Your Guide to Understanding Back Taxes, Pt. 2
Filing back taxes seems inconvenient and inconsequential. At face value, you might not see much point in doing so.
Filing back taxes seems inconvenient and inconsequential. At face value, you might not see much point in doing so. Despite that reaction, you’ve got to be on your guard. That’s because owing back taxes will put you on thin ice with the IRS. Taking the initiative to resolve this issue is the right move. But we understand that it can be a complex, time-consuming process that might not end up solving anything at all. As such, we’ve compiled a handy guide for filing unpaid taxes you still owe.
ggregate All of Your Tax-Related Documents
Start by assembling all of the documentation that you might need to submit. These papers will show that you had viable income for the applicable tax year. What this means is that you’ll need to track down your old W-2s, 1099s, and interest statements. Suppose you don’t already have an “important papers” binder or a series of spreadsheets saved to your computer. In that case, there is no time like the present to curate such collections.
Download the Necessary Forms
Since you’re probably using your computer to retrieve old tax records, take the time to find and download the other forms you might be missing. The Internal Revenue Service does provide a backlog of these forms, but since they occasionally change, be sure to acquire and complete the correct version. In 2018, the IRS revised Form 1040. As a result, the original 1040, 1040EZ, and 1040A were all rendered obsolete. FYI, the agency shifted much of the information contained in these forms to other schedules.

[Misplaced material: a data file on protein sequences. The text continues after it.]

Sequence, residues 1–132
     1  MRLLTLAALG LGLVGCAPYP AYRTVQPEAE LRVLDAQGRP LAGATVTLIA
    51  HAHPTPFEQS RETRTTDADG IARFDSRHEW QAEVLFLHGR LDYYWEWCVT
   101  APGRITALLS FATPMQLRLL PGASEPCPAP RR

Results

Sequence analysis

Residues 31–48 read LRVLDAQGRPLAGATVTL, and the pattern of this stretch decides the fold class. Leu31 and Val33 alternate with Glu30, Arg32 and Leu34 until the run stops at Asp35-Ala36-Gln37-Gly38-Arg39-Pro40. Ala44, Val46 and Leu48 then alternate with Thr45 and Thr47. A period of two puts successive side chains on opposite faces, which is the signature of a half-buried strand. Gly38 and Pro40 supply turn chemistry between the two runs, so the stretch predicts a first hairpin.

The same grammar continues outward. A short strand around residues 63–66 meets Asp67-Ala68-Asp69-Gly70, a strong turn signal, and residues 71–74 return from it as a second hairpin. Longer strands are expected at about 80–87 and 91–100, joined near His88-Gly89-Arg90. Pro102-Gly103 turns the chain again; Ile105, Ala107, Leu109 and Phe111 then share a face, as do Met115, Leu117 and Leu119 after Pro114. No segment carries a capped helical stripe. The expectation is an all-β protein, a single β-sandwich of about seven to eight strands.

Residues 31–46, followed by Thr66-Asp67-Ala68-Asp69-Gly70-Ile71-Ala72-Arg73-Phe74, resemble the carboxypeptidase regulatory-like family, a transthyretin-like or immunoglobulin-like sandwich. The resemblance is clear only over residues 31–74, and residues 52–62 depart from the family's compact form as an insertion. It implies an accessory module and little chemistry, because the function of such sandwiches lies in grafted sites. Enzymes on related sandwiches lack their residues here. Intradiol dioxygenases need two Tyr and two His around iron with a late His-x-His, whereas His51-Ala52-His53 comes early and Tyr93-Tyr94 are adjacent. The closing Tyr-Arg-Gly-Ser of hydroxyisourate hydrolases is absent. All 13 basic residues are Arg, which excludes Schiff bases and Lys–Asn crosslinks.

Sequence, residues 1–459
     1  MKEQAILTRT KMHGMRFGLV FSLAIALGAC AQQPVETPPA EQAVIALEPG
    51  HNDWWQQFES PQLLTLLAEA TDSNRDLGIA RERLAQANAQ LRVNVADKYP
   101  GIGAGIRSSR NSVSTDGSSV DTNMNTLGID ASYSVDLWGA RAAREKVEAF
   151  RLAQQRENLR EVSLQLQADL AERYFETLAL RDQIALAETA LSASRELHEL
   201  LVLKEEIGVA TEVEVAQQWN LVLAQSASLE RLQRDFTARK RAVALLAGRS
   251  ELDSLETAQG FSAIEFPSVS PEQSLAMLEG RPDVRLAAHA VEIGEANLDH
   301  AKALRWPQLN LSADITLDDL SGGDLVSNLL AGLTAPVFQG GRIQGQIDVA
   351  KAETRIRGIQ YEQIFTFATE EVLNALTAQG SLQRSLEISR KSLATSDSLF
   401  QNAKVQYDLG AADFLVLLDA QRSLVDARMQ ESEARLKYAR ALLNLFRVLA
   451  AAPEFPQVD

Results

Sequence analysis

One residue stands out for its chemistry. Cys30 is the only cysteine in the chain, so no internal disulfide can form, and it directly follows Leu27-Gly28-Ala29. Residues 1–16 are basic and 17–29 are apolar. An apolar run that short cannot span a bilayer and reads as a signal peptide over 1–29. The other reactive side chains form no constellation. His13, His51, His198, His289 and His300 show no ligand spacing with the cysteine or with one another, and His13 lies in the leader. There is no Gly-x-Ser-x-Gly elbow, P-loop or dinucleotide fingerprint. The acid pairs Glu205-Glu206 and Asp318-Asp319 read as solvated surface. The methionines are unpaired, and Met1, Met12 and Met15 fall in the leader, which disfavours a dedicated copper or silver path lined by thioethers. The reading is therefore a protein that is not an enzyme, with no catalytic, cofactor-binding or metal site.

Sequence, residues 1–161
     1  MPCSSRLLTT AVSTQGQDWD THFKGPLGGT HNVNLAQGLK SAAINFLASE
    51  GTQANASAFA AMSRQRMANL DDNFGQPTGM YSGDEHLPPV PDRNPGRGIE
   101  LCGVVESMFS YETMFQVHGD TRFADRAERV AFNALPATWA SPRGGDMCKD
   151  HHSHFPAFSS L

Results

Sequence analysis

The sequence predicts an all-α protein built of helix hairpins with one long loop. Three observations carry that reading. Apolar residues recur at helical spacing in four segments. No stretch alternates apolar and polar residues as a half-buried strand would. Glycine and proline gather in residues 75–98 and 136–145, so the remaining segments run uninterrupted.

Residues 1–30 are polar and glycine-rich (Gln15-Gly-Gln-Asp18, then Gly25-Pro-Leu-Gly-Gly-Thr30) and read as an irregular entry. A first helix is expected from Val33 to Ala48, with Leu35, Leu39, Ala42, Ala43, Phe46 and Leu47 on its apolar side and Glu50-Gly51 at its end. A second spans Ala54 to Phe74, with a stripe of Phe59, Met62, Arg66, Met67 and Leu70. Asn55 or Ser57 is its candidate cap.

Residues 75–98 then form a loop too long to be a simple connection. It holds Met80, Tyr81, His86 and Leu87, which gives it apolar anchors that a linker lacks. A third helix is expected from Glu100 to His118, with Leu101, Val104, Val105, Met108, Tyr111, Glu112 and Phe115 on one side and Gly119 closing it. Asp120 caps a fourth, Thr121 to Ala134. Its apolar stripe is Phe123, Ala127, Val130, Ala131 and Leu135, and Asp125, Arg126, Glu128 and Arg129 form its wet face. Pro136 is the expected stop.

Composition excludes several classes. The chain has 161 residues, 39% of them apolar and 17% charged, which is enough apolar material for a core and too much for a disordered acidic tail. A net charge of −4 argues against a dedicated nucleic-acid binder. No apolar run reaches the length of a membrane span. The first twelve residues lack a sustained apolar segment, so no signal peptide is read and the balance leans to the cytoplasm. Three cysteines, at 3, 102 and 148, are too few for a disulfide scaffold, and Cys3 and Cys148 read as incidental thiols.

Make Sure You Use the Mail
Once you have filled everything out, you’ll need to print them. Sadly, you cannot use the Internet to file your back taxes. Your only option is to mail the hard copies. Tax professionals can guide you through the prep and submission stages so you can feel confident that everything is being transmitted correctly. Please be aware that you’ll be responsible for paying off the back taxes, relevant penalties, and accrued interest. If such circumstances present a financial hardship, a payment plan could ease some of that pressure.
ttractive Incentives for Addressing Your Tax Debt
Now, let’s turn our attention to some of the urgent reasons to eliminate your tax debt. First of all, you’re breaking the law. By getting rid of your debt, you can also absolve yourself of penalties and interest that continue to accumulate. Plus, receiving tax refunds and staving off credit obstacles are immensely beneficial to your financial future!
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